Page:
The former owner of a cafe in Belconnen has been fined more than $56,000 for failing to properly keep records of pay checks to employees.
It was one of 80 ACT businesses audited earlier this year by the Fair Work Ombudsman, some 40 per cent of which were still “non-compliant” with workplace laws during a recent follow up audit.
The $56,840 penalty against the director of Global Trading and Investment Group, Dr Nathem Al-Naser and his company, the former operator of Cafe on Benjamin in Belconnen, was handed down late last month.
An FWO audit of 80 businesses previously found non-compliant found 48, or 60 per cent, had met all workplace laws the second time round.
But it also found 40 per cent were not meeting their legal requirements, with 16 breaches of laws governing pay rates, 11 breaches of pay check or record-keeping laws and five businesses with breaches in both areas.
The ACT campaign targeted mostly businesses in hospitality and restaurants as well as the beauty sector, recovering $31,087 for 120 workers, while inspectors issued 17 formal “letters of caution”, eight infringement notices and one compliance notice.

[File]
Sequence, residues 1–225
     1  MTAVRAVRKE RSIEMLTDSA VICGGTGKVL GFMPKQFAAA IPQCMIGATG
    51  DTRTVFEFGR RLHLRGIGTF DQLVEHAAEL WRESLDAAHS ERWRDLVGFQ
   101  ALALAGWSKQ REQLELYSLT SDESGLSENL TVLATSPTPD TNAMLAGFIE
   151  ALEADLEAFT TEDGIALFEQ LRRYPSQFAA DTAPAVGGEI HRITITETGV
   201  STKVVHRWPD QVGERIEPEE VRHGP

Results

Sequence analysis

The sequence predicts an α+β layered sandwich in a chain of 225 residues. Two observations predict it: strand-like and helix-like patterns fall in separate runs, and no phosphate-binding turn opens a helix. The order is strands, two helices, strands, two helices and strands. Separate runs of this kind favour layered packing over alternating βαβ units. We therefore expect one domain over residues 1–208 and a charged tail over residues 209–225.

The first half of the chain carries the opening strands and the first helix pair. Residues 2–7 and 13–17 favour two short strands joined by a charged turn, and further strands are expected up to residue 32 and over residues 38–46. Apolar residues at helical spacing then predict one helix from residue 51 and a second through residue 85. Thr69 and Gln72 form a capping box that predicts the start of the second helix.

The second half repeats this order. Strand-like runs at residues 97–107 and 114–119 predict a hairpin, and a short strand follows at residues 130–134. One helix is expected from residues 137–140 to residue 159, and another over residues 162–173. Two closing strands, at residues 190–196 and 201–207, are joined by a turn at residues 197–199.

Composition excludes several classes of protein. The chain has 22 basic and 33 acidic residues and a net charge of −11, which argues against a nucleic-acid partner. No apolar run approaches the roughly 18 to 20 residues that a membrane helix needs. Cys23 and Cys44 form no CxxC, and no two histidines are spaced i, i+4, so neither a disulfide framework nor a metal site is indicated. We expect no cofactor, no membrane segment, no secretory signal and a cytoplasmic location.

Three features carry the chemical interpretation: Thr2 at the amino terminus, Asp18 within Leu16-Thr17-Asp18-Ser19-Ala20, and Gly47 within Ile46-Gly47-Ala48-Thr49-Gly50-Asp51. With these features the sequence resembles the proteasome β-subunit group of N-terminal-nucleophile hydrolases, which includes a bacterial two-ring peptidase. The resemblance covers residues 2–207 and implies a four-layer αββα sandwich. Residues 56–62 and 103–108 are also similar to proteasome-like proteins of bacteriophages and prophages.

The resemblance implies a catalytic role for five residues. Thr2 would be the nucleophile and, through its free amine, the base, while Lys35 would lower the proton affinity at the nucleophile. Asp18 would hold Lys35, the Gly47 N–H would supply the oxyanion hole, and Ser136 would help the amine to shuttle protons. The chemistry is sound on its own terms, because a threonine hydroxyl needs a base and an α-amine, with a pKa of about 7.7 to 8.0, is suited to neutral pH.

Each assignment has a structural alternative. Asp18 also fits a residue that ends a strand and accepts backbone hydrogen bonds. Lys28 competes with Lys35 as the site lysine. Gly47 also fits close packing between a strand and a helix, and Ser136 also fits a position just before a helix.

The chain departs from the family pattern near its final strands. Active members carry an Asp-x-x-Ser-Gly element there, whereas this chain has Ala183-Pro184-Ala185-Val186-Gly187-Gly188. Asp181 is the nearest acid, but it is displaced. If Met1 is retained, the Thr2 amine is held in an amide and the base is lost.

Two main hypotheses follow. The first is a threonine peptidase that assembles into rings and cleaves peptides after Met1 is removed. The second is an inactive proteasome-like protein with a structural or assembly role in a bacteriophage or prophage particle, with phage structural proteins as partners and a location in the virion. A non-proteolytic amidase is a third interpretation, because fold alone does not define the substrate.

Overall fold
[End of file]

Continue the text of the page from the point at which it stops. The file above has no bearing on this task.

As part of the work, the Ombudsman took legal action against Dr Al-Naser, as well as a second separate case against Yang Brothers Investment Pty Ltd, which runs Cafe Garema in Civic.
That case is still before the court, with the firm facing allegations its record-keeping was so poor that inspectors were “obstructed” from figuring out if workers were actually getting their minimum pay packets.
Ombudsman Natalie James said the FWO treated record-keeping breaches seriously, “particularly when our inspectors are hindered from determining whether workers have received their correct entitlements”.
“While Fair Work inspectors go to great lengths to reconstruct time and wage records in circumstances where the employer has failed to meet their obligations, the sad reality is that sometimes in the absence of accurate records, it is not possible to establish whether a worker has received their lawful pay,” she said.
Ms James also said the penalties handed down in the case against Global Training and Investment Group showed there was “a heavy price to pay for breaches of workplace laws”, particularly since the recent doubling of maximum penalties.
Dr Al-Naser and his company admitted to the court they failed to keep employee records or issue pay slips to employees and the court also ordered he complete online FWO courses and complete workplace relations compliance training.